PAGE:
Thirty of those who died were enjoying a night out at the Musi-Cafe bar, including Genevieve Breton, 28, an aspiring singer and performer.
“I was at home and my house is about 1,000 feet from the track. The train was like a machine gun passing. It was really loud. My house is on a straight line but a quarter of a mile away is where it exploded. It was like a series of small bombs and then during the night there were two big bombs and big orange mushroom clouds,” Andre Blais, who is now a member of the Lac-Megantic Rail Safety Coalition, told Sputnik.
He believes MMA put profits before people.
“Lac-Mégantic is a town of 5,500 people and two-thirds of the people have Post-Traumatic Stress Disorder. Another 300 or 400 have left altogether. Downtown is like a desert,” Mr. Blais told Sputnik.
He said he blamed the Conservative government under Prime Minister Stephen Harper for deregulating the rail industry too much, but said the Liberals under Justin Trudeau had also failed to do enough to improve rail safety and he said there had been derailments in Ontario and other parts of Canada since the Lac-Megantic disaster.
The Lac-Megantic Rail Safety Coalition is pushing for a rail bypass to be built so that trains would no longer pass through the town at all.
‘It’s Your Train That Rolled Down’
On Monday, September 1, Quebec Superior Court Judge Gaetan Dumas began selecting jurors for the trial of Mr. Harding and his co-accused.
One woman was excused from jury service after she broke down crying and said she personally knew many of the victims of the crash.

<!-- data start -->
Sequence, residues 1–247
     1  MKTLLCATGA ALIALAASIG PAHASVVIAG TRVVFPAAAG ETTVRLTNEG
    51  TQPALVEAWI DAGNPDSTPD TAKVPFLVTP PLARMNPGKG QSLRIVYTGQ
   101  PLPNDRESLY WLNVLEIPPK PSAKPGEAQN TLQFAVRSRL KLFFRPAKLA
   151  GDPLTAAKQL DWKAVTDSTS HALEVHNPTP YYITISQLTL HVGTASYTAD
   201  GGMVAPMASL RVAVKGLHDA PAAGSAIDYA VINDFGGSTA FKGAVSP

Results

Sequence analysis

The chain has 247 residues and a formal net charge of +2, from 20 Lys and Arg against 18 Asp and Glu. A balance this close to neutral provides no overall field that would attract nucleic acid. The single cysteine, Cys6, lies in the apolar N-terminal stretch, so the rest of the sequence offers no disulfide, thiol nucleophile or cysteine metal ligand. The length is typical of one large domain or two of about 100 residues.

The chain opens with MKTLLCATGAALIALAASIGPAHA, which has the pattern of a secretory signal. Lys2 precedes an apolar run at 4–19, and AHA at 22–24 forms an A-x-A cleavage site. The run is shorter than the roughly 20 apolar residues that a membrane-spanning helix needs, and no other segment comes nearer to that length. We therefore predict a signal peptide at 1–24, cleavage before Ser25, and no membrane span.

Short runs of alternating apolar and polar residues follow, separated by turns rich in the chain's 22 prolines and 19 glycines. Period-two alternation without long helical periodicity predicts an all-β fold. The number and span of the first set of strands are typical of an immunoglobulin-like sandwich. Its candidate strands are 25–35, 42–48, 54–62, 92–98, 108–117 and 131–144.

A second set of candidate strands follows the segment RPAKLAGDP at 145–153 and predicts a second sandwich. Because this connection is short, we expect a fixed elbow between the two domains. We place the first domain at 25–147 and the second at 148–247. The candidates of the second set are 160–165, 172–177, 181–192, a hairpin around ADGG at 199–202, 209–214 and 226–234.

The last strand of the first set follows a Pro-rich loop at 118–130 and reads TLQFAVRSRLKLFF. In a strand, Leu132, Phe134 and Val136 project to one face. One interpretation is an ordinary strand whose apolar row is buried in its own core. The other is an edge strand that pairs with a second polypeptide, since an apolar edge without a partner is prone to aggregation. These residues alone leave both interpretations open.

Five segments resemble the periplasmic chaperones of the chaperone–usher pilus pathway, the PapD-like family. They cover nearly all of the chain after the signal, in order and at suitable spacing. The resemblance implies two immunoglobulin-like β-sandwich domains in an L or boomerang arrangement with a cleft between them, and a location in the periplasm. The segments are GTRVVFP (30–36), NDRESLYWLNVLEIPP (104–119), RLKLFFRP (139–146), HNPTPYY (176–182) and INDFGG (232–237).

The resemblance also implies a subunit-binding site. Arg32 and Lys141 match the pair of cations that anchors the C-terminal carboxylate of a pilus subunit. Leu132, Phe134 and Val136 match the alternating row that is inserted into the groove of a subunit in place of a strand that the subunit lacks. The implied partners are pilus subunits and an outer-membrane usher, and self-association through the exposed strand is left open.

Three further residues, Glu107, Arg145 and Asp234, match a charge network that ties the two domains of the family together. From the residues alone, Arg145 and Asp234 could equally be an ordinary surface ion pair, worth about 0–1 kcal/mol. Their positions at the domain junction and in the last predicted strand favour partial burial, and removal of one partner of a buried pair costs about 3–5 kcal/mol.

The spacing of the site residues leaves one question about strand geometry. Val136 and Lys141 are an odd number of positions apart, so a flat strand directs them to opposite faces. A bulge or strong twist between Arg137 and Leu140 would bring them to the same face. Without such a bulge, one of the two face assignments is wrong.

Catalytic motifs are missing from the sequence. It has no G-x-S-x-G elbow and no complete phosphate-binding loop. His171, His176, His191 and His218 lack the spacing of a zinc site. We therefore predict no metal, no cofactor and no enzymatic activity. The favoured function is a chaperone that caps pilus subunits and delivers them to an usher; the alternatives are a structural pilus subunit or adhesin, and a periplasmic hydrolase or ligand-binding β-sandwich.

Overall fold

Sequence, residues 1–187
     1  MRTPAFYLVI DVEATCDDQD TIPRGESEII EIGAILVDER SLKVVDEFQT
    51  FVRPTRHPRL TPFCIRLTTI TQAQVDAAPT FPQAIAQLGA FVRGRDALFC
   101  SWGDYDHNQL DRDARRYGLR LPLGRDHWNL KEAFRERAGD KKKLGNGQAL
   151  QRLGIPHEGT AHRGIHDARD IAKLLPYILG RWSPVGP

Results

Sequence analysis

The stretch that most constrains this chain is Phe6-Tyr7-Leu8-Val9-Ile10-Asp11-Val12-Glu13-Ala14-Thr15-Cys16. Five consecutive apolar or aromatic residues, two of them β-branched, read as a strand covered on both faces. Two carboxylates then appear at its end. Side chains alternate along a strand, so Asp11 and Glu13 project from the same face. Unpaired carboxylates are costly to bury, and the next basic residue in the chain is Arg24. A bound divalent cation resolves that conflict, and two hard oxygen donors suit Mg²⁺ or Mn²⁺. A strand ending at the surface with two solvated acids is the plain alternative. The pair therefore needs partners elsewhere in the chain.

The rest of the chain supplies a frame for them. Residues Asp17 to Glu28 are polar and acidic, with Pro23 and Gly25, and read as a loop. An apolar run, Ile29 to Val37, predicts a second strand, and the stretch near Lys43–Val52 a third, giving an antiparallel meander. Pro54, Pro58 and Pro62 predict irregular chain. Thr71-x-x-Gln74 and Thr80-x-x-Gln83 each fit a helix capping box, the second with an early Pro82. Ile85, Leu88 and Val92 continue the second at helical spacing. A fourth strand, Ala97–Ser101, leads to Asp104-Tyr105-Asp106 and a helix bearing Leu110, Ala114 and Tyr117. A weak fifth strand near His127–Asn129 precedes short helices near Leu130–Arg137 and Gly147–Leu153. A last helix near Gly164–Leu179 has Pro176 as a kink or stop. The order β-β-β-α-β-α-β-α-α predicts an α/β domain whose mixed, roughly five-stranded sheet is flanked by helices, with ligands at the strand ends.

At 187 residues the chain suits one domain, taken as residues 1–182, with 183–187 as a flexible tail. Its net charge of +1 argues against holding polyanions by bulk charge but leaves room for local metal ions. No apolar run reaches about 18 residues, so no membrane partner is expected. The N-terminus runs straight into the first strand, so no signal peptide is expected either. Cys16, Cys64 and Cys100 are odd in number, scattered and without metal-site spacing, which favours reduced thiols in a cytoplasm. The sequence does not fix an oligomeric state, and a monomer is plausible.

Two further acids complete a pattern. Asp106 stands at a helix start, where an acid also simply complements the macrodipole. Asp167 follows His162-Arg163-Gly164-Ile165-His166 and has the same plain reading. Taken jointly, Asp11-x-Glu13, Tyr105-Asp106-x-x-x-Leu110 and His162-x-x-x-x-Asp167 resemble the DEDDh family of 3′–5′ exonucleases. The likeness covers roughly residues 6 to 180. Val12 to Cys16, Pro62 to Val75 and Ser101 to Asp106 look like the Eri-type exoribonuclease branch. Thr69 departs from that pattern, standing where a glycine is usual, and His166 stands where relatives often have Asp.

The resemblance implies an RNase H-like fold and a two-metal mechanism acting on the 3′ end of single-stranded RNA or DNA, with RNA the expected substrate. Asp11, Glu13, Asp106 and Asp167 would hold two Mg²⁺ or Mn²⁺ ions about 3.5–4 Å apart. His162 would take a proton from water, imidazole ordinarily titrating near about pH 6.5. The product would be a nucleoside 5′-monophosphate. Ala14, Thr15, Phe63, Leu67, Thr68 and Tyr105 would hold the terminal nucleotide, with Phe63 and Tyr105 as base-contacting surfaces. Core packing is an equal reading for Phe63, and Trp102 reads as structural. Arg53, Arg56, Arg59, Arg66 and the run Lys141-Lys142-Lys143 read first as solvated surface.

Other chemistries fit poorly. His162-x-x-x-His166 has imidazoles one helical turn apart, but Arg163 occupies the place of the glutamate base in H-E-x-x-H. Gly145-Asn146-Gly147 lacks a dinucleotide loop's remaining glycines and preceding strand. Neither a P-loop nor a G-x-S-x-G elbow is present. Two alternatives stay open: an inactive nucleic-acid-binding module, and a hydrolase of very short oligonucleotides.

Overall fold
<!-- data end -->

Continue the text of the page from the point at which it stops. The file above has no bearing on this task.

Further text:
The trial is being held in the town of Sherbrooke and the judge has said he wants a bilingual jury because the trial will be held in both English and French — the language of Quebec — and while Harding can only speak English, Labrie and Demaitre are French-speakers.
The jury will be asked to listen to extensive audio tapes of conversations Harding had with his dispatcher back at MMA’s head office.
In one excerpt the dispatcher, identified to only as RJ, has to break the bad news to Harding, who had rung up from his hotel at around 3am.
“Okay, but it’s worse than that, my friend,” says RJ.
“Why?” asks Harding.
“It’s your train that rolled down,” RJ tells him.
“No, RJ,” he replies.
“Yes, sir,” says RJ solemnly.
“Holy f***…..she was f***ing secure…. How the f*** did that thing start to roll down, RJ?” says Harding.
‘Proper Public Inquiry Is Needed’
The trial is expected to last until December but many people in Lac-Megantic and across North America are hoping Mr. Trudeau will call a public inquiry afterwards to examine the wider implications.
“What is really needed is a proper public inquiry which brought this wreck about since it is broadly understood that this wreck was inevitable, given the kind of policy decisions that were taking place on the ground…I have always called it a wreck because it wasn’t an accident,” Mr. Edler told Sputnik.
He said he feared that another disaster like Lac-Megantic might happen in another town in the US or Canada because the railroad industry continued to try and push down costs.
“The railroad industry is aggressively pushing the envelope for single crew operations, they are pushing the envelope for more and more of these volatile oils being carried in equipment which has been shown to be inadequate to protect them, and now they are even pushing for trains with no crews whatsoever,” Mr. Edler told Sputnik.